The company is seeking other cuts in workers terms. The driver explained, “They want our sick pay to go down here. We currently get 90 percent of our wage and they want it to go down to 80 percent for around six months, I’m not that sure as I’ve not been on the sick much. We have two waiting days and they want to take it to three. When you first go on the sick, the first two days you don’t get paid for, and they want to extend that to three. They are trying to take things off you that we fought for tooth and nail, very hard for. Then we got a little enhancement in our pay for Saturdays, which we’ve just got, and now they want to take that off us.”
The driver was critical of below inflation deals signed by Unite and other unions in a raft of disputes by bus drivers. “In terms of all the other bus disputes recently, personally I think that we have all been sold down the river by the union. I don’t think that the [Unite union’s] Joint Negotiating Committee has helped us out. I think that they have let them down massively.”
The driver said he agreed with the Socialist Equality Party’s call for-rank and-file committees, saying ,“No back door deals. Everything should be out in the open. They shouldn’t be doing these sneaky little deals behind the worker’s backs, because they are not the ones on the picket lines. They’re not the ones who are financially losing out. They are in a win-win position all the time, so they should be doing something about it, not doing what they are doing.”
Mark is a Unite vehicle rep at Wythenshawe depot. He said, “We’re after anything over 10 percent. Inflation is running at about 11.4 percent now. In terms of the cost of living, I’ve just filled my car up for £120, where six months ago it was £100, so that’s a 20 percent increase. My weekly shop must’ve gone up £15-20 weekly. My electric bill has gone up £15-20. That’s in the summer. I am dreading the winter. We just need to keep up with inflation.”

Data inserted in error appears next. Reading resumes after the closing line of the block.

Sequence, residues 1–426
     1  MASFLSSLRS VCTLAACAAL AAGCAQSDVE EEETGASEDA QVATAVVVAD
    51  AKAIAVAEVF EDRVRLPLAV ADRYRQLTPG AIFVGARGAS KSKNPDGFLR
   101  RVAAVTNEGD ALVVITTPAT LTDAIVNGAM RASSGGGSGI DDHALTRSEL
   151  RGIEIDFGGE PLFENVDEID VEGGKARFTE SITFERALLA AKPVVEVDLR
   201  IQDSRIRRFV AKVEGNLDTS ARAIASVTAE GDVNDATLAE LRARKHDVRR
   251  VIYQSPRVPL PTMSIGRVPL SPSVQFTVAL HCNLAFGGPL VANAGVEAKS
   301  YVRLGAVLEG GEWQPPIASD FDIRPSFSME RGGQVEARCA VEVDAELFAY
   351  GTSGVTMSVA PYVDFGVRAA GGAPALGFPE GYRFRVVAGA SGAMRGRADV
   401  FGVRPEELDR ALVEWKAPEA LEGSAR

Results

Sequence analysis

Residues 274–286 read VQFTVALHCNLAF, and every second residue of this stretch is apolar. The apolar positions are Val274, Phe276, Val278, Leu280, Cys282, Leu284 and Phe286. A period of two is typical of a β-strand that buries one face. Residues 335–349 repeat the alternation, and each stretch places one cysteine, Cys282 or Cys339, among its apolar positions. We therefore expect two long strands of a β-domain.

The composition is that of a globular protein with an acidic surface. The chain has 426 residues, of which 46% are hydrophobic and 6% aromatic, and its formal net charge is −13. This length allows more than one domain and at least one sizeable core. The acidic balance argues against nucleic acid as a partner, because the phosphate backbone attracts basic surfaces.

Of the many disputes of bus workers nationally he said, “I think that all of them should get together; Stagecoach, Arriva, and others, and all fight together.” Asked his thoughts on why there was no general mobilisation of all Unite and GMB members against the attacks of the bus companies, Mark said, “They really need to get together. The more we get together, the more power we have, the more we can shut down cities. The different unions all seem to be looking after their own interests. I really don’t know why they do that.”
Another driver said, “many bus drivers nationally have either left the job or gone sick due to stress related illness such has heart problems.” He agreed that a united struggle by bus workers could take on global corporations such as Arriva’s owners, DB Group, which saw revenues rise by 18.4 percent in 2021 to €47.3 billion and net profit of €5 billion. “All transport should be out; bus drivers, haulage, the rail workers, taxi drivers,” he said.
The Socialist Equality Party urges Arriva North West workers to contact us to discuss the way forward in this critical dispute.